Sometimes I ask a student what their goal is for the day and nine times out of ten they will respond that they want to be good.  I try to remind them that they already are good, but what do they want to accomplish? A child is not their behavior. Being able to follow the rules does not make you good or bad, it means you have a skill to follow rules.   

I like to say, “I did not like your choices, but I still like you.”

Acceptance almost always means seeing something good.  I think we can teach our students about lots of different cultures and the sameness and differences between us until the cows come home, but the bottom line is that we usually start to accept something or someone when we perceive something good about them.  It could be a heroic act that they perform or something familiar that they do that makes you feel connected to them. Work with your child to see the good in others (and themselves), what makes them special and interesting. What things make us the same and connected?  We all want to be noticed for the things we do that are unique and feel accepted when they are seen. This is a skill that can be applied across all situations!

What if we spent as much time accepting ourselves as we do criticizing ourselves?  I know what my brain is like and I can’t imagine anyone reading this has never struggled with self-judgment or doubt.  It would be pretty revolutionary if we all strove toward self-acceptance as a practice and really, what’s stopping us? Therefore, the real step one in teaching children how to be accepting is for us adults to be accepting of others and ourselves.  Practice acceptance every day. Bravely accept who you are and get so busy with that that you no longer have the need to change anyone else! Let acceptance be the message that we pass along for our future communities.

Read more about the Rat Park experiment here:

https://www.summitbehavioralhealth.com/blog/overview-rat-park-addiction-study/   


SLVUSD Charter Information Nights:

Hybrid Home/School Programs: SLVUSD Charter School is hosting an Information Night on Tuesday, March 13 at the SLV Middle School Library (second floor) from 5:30-7:00 pm located in Felton.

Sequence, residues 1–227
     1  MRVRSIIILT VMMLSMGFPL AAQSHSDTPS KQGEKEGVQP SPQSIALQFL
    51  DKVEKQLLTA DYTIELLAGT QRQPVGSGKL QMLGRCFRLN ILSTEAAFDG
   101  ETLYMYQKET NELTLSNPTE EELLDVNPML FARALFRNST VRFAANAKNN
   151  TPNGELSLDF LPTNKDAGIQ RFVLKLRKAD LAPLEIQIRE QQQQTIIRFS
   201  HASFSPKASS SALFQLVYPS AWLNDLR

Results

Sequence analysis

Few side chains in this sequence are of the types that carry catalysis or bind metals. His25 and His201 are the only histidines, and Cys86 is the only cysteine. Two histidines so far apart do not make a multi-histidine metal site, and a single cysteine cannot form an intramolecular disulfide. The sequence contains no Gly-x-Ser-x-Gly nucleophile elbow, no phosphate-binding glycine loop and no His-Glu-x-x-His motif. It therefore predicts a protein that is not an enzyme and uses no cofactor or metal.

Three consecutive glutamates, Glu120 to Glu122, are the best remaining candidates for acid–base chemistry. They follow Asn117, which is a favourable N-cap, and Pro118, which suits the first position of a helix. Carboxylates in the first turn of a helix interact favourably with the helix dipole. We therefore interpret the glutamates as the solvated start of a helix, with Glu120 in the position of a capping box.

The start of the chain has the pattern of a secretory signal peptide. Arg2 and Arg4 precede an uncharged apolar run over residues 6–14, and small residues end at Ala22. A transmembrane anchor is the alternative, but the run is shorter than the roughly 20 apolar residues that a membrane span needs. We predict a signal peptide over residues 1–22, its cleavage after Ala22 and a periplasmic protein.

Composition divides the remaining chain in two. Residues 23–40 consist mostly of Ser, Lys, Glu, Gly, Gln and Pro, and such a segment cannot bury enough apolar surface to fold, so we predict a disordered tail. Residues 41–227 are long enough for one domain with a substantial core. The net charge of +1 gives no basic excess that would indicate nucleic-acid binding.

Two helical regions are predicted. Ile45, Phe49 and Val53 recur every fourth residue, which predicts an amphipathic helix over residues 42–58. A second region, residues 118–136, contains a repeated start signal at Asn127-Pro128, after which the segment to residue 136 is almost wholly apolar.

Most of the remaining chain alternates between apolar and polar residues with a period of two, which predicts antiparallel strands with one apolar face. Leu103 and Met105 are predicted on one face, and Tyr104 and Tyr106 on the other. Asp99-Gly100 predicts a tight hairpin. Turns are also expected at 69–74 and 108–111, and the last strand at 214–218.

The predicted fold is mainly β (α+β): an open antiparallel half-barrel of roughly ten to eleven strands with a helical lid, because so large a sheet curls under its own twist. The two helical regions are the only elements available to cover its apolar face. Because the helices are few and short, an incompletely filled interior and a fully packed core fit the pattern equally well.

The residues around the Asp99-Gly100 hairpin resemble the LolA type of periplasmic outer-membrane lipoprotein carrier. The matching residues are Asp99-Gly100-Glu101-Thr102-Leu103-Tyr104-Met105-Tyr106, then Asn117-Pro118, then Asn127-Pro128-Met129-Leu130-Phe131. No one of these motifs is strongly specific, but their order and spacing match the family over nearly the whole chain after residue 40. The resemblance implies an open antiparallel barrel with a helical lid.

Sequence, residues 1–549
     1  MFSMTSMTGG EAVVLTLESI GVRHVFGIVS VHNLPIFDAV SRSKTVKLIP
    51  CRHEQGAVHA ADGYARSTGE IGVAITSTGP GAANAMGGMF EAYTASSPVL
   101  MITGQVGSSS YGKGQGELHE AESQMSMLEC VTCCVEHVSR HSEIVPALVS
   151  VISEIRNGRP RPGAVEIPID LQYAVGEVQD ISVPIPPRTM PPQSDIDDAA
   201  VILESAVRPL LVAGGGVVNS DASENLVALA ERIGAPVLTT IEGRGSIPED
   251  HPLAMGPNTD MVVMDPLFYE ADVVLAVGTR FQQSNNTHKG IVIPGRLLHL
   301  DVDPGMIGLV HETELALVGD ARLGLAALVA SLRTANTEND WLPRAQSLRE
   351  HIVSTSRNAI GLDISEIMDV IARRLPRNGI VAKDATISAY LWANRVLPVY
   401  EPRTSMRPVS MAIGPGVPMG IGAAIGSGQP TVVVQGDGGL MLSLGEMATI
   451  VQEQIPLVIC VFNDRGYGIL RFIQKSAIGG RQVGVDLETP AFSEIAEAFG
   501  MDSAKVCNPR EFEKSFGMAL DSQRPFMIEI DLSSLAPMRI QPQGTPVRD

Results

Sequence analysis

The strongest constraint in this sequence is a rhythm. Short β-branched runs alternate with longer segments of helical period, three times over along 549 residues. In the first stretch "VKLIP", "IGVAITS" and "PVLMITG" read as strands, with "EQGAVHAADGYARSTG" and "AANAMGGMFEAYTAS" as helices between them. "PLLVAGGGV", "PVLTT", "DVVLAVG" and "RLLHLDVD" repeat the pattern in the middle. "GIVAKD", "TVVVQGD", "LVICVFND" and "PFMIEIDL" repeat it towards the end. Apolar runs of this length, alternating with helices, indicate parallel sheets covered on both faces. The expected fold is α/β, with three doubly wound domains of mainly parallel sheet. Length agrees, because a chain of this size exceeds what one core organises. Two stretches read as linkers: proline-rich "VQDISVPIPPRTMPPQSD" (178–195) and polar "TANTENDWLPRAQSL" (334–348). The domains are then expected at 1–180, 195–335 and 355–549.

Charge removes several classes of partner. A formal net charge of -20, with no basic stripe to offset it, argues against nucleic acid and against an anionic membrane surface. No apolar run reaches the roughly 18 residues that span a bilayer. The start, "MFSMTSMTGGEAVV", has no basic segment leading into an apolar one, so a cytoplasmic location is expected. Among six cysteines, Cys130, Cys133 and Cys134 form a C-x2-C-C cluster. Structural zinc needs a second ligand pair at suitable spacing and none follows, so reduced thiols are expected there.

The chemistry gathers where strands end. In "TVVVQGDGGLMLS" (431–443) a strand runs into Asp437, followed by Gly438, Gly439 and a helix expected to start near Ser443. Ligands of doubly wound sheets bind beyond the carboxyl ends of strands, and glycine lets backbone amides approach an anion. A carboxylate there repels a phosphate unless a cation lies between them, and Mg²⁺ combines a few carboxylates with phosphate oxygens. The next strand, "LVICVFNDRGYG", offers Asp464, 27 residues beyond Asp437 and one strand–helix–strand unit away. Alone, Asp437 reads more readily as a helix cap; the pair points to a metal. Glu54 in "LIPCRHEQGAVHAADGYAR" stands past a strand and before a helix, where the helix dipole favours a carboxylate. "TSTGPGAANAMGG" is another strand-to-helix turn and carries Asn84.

Nature Academy: Tuesday, March 20 at the SLV Middle School Library (second floor) from 6:00-7:00 pm located in Felton.

Questions regarding Charter Information Nights? Email Danelle Matteson at dmatteson@slvusd.org or call 831-336-5167 or 831-335-0932





Opportunities in our Community:

VAPA Awareness Week

SLVUSD Visual and Performing Arts Awareness Week

  • Tuesday, 3/13 - Friday, 3/16: Art display: HS Multi Purpose Room (MPR).  Bring your classes through to see 2D and 3D art displays from all schools in the district.  All adults/staff are also welcome to walk through. The MPR will be open after school from 3-4 on Tuesday through Thursday.

  • Tuesday, 3/13 – Friday, 3/16: Charter Art Display at District Office

  • Tuesday, 3/13 - Friday, 3/16: Performances in Performing Arts Center

--Movie showing: A New Color—for MS and HS (description below) (Email Amber Walker awalker@slvusd.org to attend)

--Rehearsals: West Side Story: Tuesday-Friday from 3 to 6 in the PAC (Drop in and observe our talented students in this classic musical! Students should be supervised.)

--SLVE Dance performance: Thursday, 3/15 from 12:30 to 2 in the PAC (Email Katie Feickert (kfeickert@slvusd.org) to attend)

--Classical Evening of Violin, Ballroom Dancing and Opera, performed by current and past SLVUSD students. Thursday, 3/15 at 7:00 in the PAC. Donations accepted.